Every Spring Training, prospects get a chance to show what they can do as they prepare for the season ahead. Some are competing for jobs in big league camp, others are prepping for the season as they vie for spots at Minor League affiliates up and down a team's system. MLBPipeline.com will be visiting all 30 camps this spring. Today, we check in on the Chicago Cubs.
Don't look now, but there are some arms on the way to back up all those bats. Sure, there are hitters still, like No. 1 prospect Gleyber Torres, and they still went with a college bat in the first round of the 2015 Draft with Ian Happ, but the Cubs are excited about evening things out a bit.
"We've taken the volume approach," said Jason McLeod, the Cubs' senior vice president for player development and amateur scouting. "We've drafted hitters No. 1, but we have tried to go volume with our pitching."
The pitching is coming throughout the system. Pierce Johnson has moved slowly, as non-throwing related injuries have hampered his development. But he'll be in Triple-A and the Cubs feel he can be a No. 4-type starter. He'll be joined in Triple-A by 2014 senior money-saving sign Ryan Williams, who surprised many by winning Cubs Minor League Pitcher of the Year honors last year. Both are in big league camp and each have put up a scoreless inning during early Cactus League action.
Duane Underwood, also in Major League camp, steps up to Double-A for the first time this season, and outside of perhaps Dylan Cease, he sustains his velocity as a starter better than anyone in the system. The pitching wave could also include Jen-Ho Tseng and somewhat forgotten Paul Blackburn, with McLeod thinking at least one of those two will take a leap forward in 2016.
The pride and joy might be in the Midwest League. The South Bend rotation could include Justin Steele and Carson Sands, two high school pitchers the Cubs paid aggressively to sign in the 2014 Draft, Oscar De La Cruz (more on him later), the aforementioned Cease at some point in the season and perhaps even 2015 third-rounder Bryan Hudson later in the year.
"It will be our most talent-laden staff since I've been here," McLeod said. "That's a pretty exciting staff."
It also shows that while there's an understandable dip in the system after all those high-impact graduations, the farm system is far from barren.
"It doesn't happen that often where three or four young guys hit the Major League team and impact it like they did, all in one year," McLeod said. "You expect somewhat of a dropoff in terms of the overall talent, but we feel really good. There might be a gap in terms of when that next wave hits up there, but as I walk around the fields on the Minor League side, I find myself getting really excited."
While he might not go straight to South Bend, seeing Hudson at some point on that staff doesn't seem unrealistic, especially with how well he's thrown in the early going this spring. The 6-foot-8 lefty may not be the tallest graduate of Alton High School in Illinois -- that record belongs to Robert Wadlow, who grew to 8-foot-11 before his death in 1940 -- but he uses his height extremely well and has had Cubs' Minor League hitters shaking their heads after facing him during live batting practice.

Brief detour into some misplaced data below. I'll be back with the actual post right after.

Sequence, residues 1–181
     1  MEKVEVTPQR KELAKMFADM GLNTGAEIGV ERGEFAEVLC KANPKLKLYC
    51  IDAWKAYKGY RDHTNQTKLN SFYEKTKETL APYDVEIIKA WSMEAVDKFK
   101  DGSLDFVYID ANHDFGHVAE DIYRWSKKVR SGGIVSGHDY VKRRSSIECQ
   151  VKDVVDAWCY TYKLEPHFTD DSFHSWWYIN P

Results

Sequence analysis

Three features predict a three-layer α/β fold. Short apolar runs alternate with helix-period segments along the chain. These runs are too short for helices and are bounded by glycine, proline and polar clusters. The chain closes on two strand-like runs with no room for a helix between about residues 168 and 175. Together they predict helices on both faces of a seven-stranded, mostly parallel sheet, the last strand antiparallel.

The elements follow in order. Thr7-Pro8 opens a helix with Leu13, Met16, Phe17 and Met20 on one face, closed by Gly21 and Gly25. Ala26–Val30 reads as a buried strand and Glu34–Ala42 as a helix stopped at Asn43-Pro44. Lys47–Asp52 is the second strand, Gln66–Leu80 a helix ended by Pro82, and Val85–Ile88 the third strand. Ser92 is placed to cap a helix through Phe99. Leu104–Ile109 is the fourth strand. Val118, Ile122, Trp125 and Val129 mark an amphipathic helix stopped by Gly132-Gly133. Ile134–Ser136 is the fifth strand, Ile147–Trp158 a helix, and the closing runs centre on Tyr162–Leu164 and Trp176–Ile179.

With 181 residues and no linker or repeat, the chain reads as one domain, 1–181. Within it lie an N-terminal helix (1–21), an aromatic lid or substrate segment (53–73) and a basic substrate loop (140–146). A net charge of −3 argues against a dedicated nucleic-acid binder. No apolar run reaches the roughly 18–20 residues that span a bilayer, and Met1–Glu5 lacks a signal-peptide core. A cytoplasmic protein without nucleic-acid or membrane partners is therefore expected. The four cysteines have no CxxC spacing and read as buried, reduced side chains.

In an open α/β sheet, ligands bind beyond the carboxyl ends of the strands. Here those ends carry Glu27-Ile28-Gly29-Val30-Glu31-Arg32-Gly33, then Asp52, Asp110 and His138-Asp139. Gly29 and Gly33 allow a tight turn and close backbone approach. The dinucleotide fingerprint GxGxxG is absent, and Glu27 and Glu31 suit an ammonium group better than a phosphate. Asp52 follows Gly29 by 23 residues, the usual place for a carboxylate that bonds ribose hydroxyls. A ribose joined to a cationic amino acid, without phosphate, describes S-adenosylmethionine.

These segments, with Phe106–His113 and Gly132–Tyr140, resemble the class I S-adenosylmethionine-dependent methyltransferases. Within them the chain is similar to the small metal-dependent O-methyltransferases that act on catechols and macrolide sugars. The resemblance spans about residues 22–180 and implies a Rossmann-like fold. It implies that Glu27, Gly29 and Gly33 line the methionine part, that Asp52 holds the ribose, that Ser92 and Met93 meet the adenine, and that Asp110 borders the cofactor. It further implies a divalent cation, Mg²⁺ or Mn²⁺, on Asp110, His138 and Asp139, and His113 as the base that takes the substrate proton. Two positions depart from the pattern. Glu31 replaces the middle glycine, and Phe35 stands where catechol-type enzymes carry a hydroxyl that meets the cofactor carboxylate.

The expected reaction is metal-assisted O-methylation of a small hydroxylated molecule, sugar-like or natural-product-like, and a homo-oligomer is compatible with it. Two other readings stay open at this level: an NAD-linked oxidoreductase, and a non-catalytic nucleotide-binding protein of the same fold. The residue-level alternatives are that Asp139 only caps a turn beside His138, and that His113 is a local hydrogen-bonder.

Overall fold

"We thought he had the best curve in the Draft, and now you're watching him throw his live BP," McLeod said. "There aren't many guys where you say 'wow' when you see the rotation and the late power spin on that breaking ball. We're hearing guys in the cage saying, 'That is nasty.' He's 6-8, athletic and he's throwing a hard two-seamer with that power curveball coming off of it. Those types of things just get you so excited."
All this talk about pitching doesn't mean there aren't hitters who have stood out. Torres got to start in a big league game on Saturday and constantly gets praised for his maturity. So does Happ, the University of Cincinnati product who is trying his hand at second base while also impressing with the bat.
"He's done a lot of work at second since instructional league," McLeod said. "It continues to be a work in progress, but he's making those incremental improvements day by day. He's very serious about his work, he's very serious about getting better.
"He's looked very good in live BPs early. He was facing Corey Black, who throws in the mid-90s, and taking him off the batter's eye. Then he's staying on offspeed stuff, lacing it to center field. It's been fun watching him."
Eloy Jimenez will play all of the 2016 season at age 19. At 6-foot-4, he's already a physical specimen with a fairly good approach at the plate. As he continues to mature, the Cubs think he could become a monster offensively.
"You see the size of that kid and he really controls the bat really well, for a young power hitter," McLeod said. "He doesn't swing and miss that much. He has a good idea of the type of hitter he wants to be for a young age. And in the next two years, you're going to see some serious man strength come in."
Joining Jimnez in South Bend should be another breakout candidate in De La Cruz, who skipped a level in 2015, then excelled in the short-season Northwest League.
"Physically he has all the stuff you look for," McLeod said. "He has the size, the ability to pitch with his fastball, the competitiveness."